Second engine valve 22 (FIG. 7B) opens at variable point 522 and later closes at a variable point 524. During this period, previously compressed air is received from medium-pressure manifold 46 into cylinder chamber 16 (FIG. 7B) at approximately constant pressure. This period, which takes place during a second part of the volume-increasing stroke, corresponds to what is shown in FIG. 7B.

From point 524 to a variable point 526, all valves are closed, and the air-charge is compressed until its pressure becomes equal to pressure in high-pressure manifold 52 (FIG. 1). This takes place during a first part of the volume-decreasing stroke and corresponds to FIG. 7C.

At point 526 third engine valve 24 (FIG. 7D) opens and remains open until its closure at point 520, which is already after the top-dead-center. From point 526 to a point 521, air is displaced from cylinder chamber 16 into high-pressure manifold 52 (FIG. 1) at nearly constant pressure. This period takes place during a second part of the volume-decreasing stroke and corresponds to FIG. 7D. From point 521 to point 520 the engine piston is already on its downstroke, and some of the air displaced into high-pressure manifold 52 flows back into the cylinder chamber. This is necessary whenever the time period between points 526 and 520 is too short to perform an effective opening and closing of third valve 24.

In this description, work-per-cycle is referred to as net negative work if it produces a braking force. If, on the other hand, it produces a propulsion force, it is referred to as net positive work. Net negative work performed in a primary cylinder during the above described cycle is equal to compression work performed from point 514 (FIG. 8) to point 516, plus displacement work performed from point 516 to point 510, and minus expansion work performed from point 510 to point 512. Net negative work performed in a secondary cylinder during the above described cycle is equal to compression work performed from point 524 (FIG. 9) to point 526, plus displacement work performed from point 526 to point 520, minus expansion work performed from point 520 to point 522, and minus displacement work preformed from point 522 to point 524.

A preferred method of controlling the work-per-cycle, during compression braking, is by controlling the compression work. Control system 70 (FIG. 2) can vary the compression work, in a primary cylinder, by varying the timing of first valve 20 (FIG. 6B) closure (point 514, FIG. 8), or the timing of second valve 22 (FIG. 6D) opening (point 516), or the timing of both. Varying the timing of point 514 varies the quantity of air received into the cylinder. Varying the timing of point 516 varies the maximum pressure to which the air-charge is compressed. The compression work performed in a secondary cylinder can be varied by varying the timing of second valve 22 (FIG. 7B) closure (point 524, FIG. 9) relative to the timing of its opening (point 522), or the timing of third valve 24 (FIG. 7D) opening (point 526) relative to the timing of its closure (point 520), or the timing of both. Varying the timing of point 524 varies the quantity of air received into the cylinder. Varying the timing of point 526 varies the maximum pressure to which the air-charge is compressed.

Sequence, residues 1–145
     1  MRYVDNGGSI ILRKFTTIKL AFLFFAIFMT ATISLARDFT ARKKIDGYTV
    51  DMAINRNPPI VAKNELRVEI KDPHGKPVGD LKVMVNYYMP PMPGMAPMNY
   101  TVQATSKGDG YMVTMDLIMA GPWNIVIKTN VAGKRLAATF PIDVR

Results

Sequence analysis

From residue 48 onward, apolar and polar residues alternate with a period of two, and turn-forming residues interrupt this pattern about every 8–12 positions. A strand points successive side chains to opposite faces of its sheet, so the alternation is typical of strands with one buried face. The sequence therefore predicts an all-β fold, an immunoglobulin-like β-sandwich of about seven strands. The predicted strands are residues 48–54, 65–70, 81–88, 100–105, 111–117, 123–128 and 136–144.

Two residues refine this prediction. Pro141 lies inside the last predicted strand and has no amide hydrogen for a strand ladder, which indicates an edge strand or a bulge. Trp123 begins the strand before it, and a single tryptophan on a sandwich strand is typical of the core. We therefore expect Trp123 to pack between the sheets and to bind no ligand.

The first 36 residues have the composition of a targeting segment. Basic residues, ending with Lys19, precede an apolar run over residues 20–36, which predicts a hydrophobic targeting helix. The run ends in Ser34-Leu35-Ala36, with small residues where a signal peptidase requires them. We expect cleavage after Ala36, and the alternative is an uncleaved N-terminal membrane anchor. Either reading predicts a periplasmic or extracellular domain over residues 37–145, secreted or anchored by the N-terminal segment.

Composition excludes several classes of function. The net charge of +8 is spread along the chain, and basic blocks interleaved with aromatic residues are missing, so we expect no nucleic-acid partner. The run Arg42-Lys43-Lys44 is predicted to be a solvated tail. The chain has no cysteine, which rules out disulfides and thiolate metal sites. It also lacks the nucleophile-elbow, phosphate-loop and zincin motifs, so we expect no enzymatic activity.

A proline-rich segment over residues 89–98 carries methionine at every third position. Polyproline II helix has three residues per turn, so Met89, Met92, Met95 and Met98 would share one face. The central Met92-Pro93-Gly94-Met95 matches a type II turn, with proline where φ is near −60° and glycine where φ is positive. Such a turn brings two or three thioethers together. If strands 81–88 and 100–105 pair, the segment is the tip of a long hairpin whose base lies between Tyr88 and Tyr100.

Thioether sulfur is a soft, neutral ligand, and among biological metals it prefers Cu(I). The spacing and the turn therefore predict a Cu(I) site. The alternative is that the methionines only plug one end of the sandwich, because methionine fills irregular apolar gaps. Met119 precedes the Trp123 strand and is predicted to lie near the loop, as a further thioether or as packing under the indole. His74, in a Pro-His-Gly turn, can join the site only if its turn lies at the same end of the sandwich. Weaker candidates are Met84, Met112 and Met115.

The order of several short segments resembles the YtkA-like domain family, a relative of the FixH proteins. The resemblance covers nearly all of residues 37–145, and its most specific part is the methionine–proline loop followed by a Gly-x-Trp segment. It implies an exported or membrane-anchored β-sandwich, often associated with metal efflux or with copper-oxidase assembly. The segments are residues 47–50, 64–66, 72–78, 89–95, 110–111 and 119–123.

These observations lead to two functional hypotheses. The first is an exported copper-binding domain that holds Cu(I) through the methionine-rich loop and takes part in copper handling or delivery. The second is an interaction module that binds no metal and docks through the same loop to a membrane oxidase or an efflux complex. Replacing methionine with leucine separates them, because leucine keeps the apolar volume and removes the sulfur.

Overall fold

Pressure in air-reservoir 56 (FIG. 1) increases with every compression braking cycle. To continue pumping air into air-reservoir 56, each air-charge, in a secondary cylinder, must be compressed, preferably to a pressure at least equal to the pressure in the air-reservoir. Accordingly, control system 70 (FIG. 2) adjusts the required level of compression in each secondary cylinder for every cycle. Different conditions prevail in medium-pressure manifold 46, which receives air from primary cylinders and discharges it into secondary cylinders. There, the pressure may increase or decrease, depending on whether the outflow of air is smaller or greater than the inflow. Control system 70 adjusts the required level of compression in each primary cylinder, up or down for every cycle, to assure that the air-charge is compressed to a pressure at least equal to the pressure in medium-pressure manifold 46.

Using two stages of compression offers significant advantages over a single-stage compression used in a compression-braking process described in U.S. Pat. No. 6,223,846B1. These are: much smaller size of the required air-reservoir and a significantly greater peak braking torque. The reduction in the required size of the air-reservoir is due to the fact that air is compressed to a very high density, and, in addition, each unit of its mass contains a much greater amount of energy. The increase in peak braking torque is due to the fact that, at a comparable compression ratio, the work-per-cycle performed during the second stage of compression is much greater than the work-per-cycle performed during the first stage. This means that an engine using two stages of compression can produce greater torque than an engine using only one stage of compression.